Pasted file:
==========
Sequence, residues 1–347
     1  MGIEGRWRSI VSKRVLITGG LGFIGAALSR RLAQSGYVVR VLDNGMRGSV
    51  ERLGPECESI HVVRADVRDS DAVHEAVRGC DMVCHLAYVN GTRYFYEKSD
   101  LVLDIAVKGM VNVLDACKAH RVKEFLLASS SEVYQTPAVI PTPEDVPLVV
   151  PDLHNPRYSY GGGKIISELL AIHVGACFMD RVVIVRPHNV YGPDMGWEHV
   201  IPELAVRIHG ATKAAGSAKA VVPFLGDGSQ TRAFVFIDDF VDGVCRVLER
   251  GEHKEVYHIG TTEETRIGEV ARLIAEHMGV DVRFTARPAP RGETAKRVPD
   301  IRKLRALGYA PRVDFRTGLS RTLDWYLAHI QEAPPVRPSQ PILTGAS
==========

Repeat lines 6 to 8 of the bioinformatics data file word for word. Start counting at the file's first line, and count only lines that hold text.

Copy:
   201  IPELAVRIHG ATKAAGSAKA VVPFLGDGSQ TRAFVFIDDF VDGVCRVLER
   251  GEHKEVYHIG TTEETRIGEV ARLIAEHMGV DVRFTARPAP RGETAKRVPD
   301  IRKLRALGYA PRVDFRTGLS RTLDWYLAHI QEAPPVRPSQ PILTGAS